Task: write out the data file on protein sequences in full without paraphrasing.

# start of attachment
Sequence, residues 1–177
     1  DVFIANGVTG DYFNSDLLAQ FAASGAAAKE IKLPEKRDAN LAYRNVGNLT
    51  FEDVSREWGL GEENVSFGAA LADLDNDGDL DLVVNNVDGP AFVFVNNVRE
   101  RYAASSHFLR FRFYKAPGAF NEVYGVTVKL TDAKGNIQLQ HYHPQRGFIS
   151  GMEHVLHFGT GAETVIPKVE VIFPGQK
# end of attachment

Sequence, residues 1–177
     1  DVFIANGVTG DYFNSDLLAQ FAASGAAAKE IKLPEKRDAN LAYRNVGNLT
    51  FEDVSREWGL GEENVSFGAA LADLDNDGDL DLVVNNVDGP AFVFVNNVRE
   101  RYAASSHFLR FRFYKAPGAF NEVYGVTVKL TDAKGNIQLQ HYHPQRGFIS
   151  GMEHVLHFGT GAETVIPKVE VIFPGQK